Models and Analogues in Biology

By Society for Experimental Biology | Go to book overview

SCHOOL BIOLOGY AS AN EDUCATIONAL MODEL

By H. P. RAMAGE Trustee, The Science Masters' Association.


INTRODUCTION

It seems necessary to say at the outset that, although it may be administratively convenient to divide the school curriculum into the compartments called subjects, these cannot properly be considered in isolation from one another, nor, indeed, from the whole educational process in so far as it concerns schools. In that stage of education we should be concerned with using the subjects of the curriculum as means to the general educational end, that is with educating through the subjects not with teaching the subjects as such. Taking biology as the subject relevant to our present discussion, there are two main ways in which its inclusion in a school course may be helpful. It may be treated, first, as a vocational subject useful for the preliminary training of doctors, farmers, foresters and workers in other fields where biological science provides a necessary basis. Secondly, biology can play a valuable part in the more comprehensive, more fully personal general education which it is the primary duty of schools to provide, vocational training only being a secondary duty. It is this more comprehensive duty which I primarily have in mind as I consider school biology as an educational model, for that is how I feel I can best try to make a contribution to this Symposium. I think it is much more important to philosophize about such general matters and to try to get our general principles right rather than merely to go through a list of detailed models and analogues useful in day-to-day biology teaching in schools.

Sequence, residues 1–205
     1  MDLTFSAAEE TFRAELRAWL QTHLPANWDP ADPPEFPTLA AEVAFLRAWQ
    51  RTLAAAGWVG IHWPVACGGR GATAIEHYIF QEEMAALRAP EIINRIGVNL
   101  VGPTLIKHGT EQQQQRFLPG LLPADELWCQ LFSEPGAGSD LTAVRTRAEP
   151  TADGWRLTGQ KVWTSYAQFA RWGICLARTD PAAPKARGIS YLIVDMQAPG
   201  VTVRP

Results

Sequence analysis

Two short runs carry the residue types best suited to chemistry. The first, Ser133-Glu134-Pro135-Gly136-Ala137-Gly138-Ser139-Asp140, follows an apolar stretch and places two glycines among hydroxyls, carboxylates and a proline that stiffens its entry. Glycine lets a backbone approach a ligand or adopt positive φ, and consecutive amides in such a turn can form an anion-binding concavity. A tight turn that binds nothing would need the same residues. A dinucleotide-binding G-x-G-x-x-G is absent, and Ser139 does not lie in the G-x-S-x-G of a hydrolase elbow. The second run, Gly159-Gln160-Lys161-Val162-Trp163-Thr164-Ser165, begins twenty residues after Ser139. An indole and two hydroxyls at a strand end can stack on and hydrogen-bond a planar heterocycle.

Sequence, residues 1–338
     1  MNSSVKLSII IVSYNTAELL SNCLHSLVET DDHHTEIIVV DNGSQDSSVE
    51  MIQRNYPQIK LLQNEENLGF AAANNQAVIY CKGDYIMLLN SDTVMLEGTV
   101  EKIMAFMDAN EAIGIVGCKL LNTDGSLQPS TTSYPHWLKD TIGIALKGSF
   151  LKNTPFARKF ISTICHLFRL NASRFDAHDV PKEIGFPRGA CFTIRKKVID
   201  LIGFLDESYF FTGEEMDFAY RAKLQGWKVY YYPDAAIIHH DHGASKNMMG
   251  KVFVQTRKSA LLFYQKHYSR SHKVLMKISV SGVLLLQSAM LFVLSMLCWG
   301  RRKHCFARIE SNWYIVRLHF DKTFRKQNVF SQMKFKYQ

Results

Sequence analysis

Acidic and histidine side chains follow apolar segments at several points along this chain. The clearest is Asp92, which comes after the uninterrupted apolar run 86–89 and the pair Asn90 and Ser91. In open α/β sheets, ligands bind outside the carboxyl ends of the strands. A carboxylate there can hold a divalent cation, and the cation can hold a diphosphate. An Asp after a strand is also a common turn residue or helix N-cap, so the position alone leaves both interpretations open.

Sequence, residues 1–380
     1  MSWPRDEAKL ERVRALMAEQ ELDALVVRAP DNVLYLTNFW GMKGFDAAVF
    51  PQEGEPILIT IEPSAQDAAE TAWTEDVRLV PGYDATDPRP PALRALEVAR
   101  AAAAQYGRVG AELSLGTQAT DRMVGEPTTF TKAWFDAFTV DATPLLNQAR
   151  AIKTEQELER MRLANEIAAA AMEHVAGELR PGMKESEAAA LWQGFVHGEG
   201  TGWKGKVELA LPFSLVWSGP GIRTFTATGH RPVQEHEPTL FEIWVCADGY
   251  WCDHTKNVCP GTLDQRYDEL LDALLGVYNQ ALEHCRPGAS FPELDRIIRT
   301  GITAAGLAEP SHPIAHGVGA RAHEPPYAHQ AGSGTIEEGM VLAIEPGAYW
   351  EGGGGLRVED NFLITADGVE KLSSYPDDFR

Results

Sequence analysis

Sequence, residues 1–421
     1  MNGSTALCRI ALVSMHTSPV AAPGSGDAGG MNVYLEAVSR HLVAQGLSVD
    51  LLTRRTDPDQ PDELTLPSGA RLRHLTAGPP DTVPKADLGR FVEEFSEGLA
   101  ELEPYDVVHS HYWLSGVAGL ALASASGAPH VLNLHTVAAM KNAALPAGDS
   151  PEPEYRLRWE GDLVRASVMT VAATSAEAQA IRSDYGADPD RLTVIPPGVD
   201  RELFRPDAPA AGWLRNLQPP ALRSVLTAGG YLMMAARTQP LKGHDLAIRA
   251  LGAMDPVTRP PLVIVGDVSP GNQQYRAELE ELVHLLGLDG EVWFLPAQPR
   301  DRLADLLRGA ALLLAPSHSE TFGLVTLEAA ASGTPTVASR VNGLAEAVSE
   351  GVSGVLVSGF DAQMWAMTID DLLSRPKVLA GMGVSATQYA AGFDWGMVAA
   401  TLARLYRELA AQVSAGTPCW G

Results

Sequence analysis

SCIENCE AND THE SCIENCES

By a set of curious chances a most unfortunate idea has arisen, at least in Britain, that proper science--model science as I might call it here--means only the physical sciences. Worse still, for many people science is a mysterious power whose function is to provide the host of gadgets with which modern 'civilized' life is enriched--or in some cases plagued. It is true that modern life is materially based on modern technology, which, in turn, is based on applied science, but technology should not therefore be regarded as identical with science. Technology of an unscientific, trial-and-error kind existed long before modern times; indeed, its beginnings lie far back in prehistoric times when the first artefacts were shaped. Even the wheel is a prehistoric technological invention. Probably some people thought of the notorious East

-230-

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Models and Analogues in Biology
Table of contents

Table of contents

  • Title Page iii
  • Contents v
  • Preface vii
  • Quantum Physics and Biology† 1
  • Models in Genetics 6
  • Kinetic Models of Development And Heredity 13
  • Tissues in Culture and in the Body 28
  • References 40
  • Models of Muscle 41
  • References 66
  • Mechanical Models in Zoology 69
  • Conclusions 82
  • Physical Models in Biology 83
  • Estimation of Values Of Parameters of a Model to Conform With Observations 102
  • Summary 120
  • Applications of Theoretical Models to the Study of Flight- Behaviour in Locusts and Birds 122
  • References 138
  • Electrical Analogues in Biology 140
  • Computers and the Nervous System 152
  • References 168
  • Models in Cybernetics 169
  • References 190
  • Modelling of Large-Scale Nervous Activity 192
  • Conclusions 197
  • Energy Models of Motivation 199
  • Summary 212
  • The Use of Models in the Teaching Of Embryology 214
  • School Biology as An Educational Model 230
  • Conclusion 241
  • The Problem of Communication In Biological Teaching 243
  • Acknowledge Ments 248
  • A Review of the Symposium: Models and Analogues in Biology 250
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